Even though the shipping documents for these sales might have suggested that they were valid period-ending sales, a curious auditor might have investigated the sales further. For example, that auditor might have attempted to determine whether the resulting receivables were collected on a timely basis. During the course of such an investigation, the auditor would likely have discovered that the sales were reversed in the following period or dealt with in some other nonstandard way.
Accounts receivable confirmation procedures might also have resulted in the discovery of these “sales.” Customers to whom such sales were charged would likely have identified them as differences or discrepancies on returned confirmations. Subsequent investigation of these items by the auditors may have revealed their true nature. As pointed out by the plaintiffs in this case, during physical inventory counting procedures auditors typically take notice of any inventory that has been segregated and not counted—for example, inventory that is sitting in parked trucks. If there is an unusually large amount of such segregated inventory—which was apparently true in this case, the auditors should have inquired of the client and obtained a reasonable explanation. The old, reliable “scanning year-end transactions to identify large and/or unusual transactions” might also have led to the discovery of Campbell’s sales “shipped to the yard.”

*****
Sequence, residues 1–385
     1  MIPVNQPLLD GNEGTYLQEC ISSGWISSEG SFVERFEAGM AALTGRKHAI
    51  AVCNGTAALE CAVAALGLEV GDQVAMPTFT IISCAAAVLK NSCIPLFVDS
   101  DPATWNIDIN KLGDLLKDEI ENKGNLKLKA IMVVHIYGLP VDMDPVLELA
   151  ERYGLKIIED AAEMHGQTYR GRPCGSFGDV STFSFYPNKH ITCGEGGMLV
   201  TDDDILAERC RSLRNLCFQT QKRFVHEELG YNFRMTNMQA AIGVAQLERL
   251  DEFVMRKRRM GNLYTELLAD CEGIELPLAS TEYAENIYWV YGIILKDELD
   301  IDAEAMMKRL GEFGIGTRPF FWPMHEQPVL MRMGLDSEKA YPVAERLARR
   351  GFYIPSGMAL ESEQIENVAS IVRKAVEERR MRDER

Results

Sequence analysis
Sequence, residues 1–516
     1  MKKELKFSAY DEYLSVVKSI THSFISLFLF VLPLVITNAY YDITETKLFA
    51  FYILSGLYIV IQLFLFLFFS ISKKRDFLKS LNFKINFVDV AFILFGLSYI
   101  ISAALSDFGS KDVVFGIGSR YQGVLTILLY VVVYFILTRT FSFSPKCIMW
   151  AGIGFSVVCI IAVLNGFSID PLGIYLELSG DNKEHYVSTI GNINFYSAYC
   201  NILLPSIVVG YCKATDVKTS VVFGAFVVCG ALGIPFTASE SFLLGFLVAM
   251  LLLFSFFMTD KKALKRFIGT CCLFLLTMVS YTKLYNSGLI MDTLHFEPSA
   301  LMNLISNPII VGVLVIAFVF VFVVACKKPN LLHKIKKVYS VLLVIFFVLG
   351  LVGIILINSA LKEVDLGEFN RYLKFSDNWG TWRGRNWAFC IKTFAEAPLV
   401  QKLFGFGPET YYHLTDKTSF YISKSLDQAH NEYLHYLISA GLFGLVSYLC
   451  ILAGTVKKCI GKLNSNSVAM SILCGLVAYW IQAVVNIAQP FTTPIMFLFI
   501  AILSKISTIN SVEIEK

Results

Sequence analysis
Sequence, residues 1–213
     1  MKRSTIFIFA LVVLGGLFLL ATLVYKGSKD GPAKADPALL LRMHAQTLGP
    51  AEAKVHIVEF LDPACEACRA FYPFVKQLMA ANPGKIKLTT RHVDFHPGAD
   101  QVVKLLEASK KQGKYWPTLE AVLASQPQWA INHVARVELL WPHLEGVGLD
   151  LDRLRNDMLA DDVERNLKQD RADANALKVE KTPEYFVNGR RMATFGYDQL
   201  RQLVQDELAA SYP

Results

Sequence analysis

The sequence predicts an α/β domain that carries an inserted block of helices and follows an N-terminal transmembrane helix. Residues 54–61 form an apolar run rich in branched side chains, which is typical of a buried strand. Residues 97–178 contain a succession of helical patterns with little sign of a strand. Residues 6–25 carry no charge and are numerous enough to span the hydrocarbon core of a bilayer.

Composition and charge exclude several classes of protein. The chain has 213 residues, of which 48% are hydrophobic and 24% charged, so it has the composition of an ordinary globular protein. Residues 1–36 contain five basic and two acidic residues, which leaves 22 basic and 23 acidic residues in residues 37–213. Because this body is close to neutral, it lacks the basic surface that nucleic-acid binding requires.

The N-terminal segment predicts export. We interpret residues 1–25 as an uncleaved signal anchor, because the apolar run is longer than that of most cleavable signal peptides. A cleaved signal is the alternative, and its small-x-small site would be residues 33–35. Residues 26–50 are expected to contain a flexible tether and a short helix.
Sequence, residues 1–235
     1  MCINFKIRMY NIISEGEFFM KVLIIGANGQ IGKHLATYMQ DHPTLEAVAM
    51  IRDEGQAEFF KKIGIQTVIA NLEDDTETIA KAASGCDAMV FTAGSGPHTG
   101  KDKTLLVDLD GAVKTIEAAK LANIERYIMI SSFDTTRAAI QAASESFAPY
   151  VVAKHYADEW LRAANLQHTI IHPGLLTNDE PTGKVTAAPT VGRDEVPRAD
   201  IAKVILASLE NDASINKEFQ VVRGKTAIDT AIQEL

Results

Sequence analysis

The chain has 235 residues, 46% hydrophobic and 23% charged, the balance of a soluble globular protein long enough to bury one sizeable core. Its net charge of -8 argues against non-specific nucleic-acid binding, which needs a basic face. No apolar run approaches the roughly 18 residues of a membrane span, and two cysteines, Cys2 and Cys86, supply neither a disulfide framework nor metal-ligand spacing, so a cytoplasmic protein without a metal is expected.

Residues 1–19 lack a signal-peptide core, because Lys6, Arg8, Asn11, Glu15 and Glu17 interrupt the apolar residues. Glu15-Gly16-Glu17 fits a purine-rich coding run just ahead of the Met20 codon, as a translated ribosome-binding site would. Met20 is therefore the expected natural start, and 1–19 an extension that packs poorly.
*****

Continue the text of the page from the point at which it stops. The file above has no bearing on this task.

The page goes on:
Guaranteed sales: During the first few weeks of a client’s new fiscal year, auditors should review the client’s sales returns and allowances account to determine whether there are any unusual trends apparent in that account. Auditors should be particularly cognizant of unusually high sales returns and allowances, which may signal that a client overstated reported sales for the prior accounting period. Accounts receivable confirmation procedures may also result in auditors discovering an unusually high rate of “charge-backs” by the client’s customers.